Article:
I hope you’ll join me! Register below:

“Why You’re Undervalued and Underpaid – And What To Do About It”
November 7, 2013, 12noon PT (3pm ET)


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Undervalued and Underpaid: The Catch-22 of the Right Brain Entrepreneur

Has anyone ever said to you, “Wow! That’s amazing that you can do that!”…and you’ve waved it off saying “That was easy” or “It was nothing.”? We right brainers tend to think if we can do something then, surely, everyone else can. Or at least a lot of people can.

The truth is, it was easy for YOU, but if someone is impressed it means you’ve done something that isn’t easy for everyone and that it took some skill on your part.

We feel undervalued – that what we contribute isn’t taken as seriously as what someone else contributes, or isn’t seen as adding to the solution or positive outcome as much as others. But when we wave off recognition or acknowledgement of what we have contributed, how are people supposed to value our work. If we don’t see the value, and we teach them not to see the value, why would they pay us more?

Hence the catch-22.

We don’t see our own value (or downplay it) –> Other people can’t see or reward our value –> We end up being underpaid –> which leads to feeling undervalued –> Now we question our value even more –>   and the beat goes on.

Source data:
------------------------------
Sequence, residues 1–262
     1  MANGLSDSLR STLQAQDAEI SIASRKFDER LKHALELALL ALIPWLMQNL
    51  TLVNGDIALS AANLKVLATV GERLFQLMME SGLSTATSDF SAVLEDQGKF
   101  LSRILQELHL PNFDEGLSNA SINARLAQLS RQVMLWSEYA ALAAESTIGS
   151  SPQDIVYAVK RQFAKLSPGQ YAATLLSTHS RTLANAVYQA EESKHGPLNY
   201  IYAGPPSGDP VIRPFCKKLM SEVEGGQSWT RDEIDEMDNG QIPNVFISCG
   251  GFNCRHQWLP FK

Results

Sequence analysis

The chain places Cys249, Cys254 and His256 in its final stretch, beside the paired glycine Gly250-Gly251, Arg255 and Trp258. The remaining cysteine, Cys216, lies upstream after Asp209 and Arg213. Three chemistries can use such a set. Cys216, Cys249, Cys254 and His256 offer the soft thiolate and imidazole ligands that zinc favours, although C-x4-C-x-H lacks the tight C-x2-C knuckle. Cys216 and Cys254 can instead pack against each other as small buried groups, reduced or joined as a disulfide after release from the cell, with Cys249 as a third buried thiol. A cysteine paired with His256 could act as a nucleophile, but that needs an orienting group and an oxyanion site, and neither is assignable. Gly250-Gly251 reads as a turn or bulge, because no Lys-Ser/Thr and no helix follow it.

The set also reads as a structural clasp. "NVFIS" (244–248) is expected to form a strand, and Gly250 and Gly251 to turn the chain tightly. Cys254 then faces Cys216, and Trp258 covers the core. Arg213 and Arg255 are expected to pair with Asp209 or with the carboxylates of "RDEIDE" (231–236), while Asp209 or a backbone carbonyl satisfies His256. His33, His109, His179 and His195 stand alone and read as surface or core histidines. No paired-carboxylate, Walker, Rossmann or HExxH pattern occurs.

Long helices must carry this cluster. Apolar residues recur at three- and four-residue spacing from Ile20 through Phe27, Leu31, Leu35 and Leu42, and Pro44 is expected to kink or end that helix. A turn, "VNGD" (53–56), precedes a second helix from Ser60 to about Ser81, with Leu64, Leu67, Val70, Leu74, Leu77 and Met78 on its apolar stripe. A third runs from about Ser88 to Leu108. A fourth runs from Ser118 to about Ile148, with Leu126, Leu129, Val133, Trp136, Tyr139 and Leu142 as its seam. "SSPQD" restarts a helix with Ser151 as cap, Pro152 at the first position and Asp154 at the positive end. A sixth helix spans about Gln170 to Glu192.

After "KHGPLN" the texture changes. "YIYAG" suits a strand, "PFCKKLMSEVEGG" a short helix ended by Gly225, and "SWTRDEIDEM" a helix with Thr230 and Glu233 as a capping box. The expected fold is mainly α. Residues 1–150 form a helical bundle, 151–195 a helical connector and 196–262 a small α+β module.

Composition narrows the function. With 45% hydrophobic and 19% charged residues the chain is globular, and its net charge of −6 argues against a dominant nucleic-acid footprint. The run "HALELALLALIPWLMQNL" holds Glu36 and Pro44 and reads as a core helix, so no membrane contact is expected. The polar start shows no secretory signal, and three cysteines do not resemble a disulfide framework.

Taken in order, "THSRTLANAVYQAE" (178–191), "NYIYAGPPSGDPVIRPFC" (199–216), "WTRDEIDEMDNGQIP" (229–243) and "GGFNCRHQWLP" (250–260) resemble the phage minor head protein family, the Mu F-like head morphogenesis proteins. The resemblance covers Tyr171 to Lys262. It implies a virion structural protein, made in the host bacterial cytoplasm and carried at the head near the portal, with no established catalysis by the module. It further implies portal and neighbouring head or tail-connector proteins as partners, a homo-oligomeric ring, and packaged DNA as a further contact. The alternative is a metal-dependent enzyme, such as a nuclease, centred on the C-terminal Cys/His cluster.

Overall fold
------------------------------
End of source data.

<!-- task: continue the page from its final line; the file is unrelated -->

Being undervalued and underpaid go hand in hand. When right brainers are undervalued it often results in being underpaid. And being underpaid makes us feel undervalued. What we usually don’t want to look at is how we unintentionally contribute to these circumstances.

We need to start identifying our own gifts and learning to appreciate them as actual gifts that not everyone has. This is the only way we will be able to value them appropriately and get paid what we’re worth.

For example, what comes naturally to me is identifying a person’s blocks, immediately recognizing what they are missing and/or minimizing, seeing their patterns and how they all inter-relate, and what they are failing to consider. Seeing the patterns and pathways in what appears to be chaos and disarray comes naturally to me. For me it is really easy and simple. Until I realized that not everyone can see things the way I can, I undervalued my skills and wasn’t paid as well as I could have been.

Once I got clear that how I take in and process information, and then translate it into appropriate, actionable items is really rather remarkable, it became much easier for me to value my work. And my income followed suit.  

What’s important to realize is that we don’t do this intentionally. Rather it is the result of how our brain is wired, our particular set of beliefs, and the habits we’ve developed over time. All three of these elements working together create our catch-22.

The good news is there’s a fairly simple way to turn this around. And, yes, this is one of those times where it really is simple – anyone can do it. As long as they know how. It starts with the beliefs.

Join me in my upcoming teleclass:

“Why You’re Undervalued and Underpaid – And What To Do About It”
November 7, 2013 at 12noon PT (3pm ET)

First Name:
Primary Email:

*Note: by joining our mailing list you will receive periodic emails from us.
You may unsubscribe at any time.

PRIVACY: We will never share your information with anyone. Promise!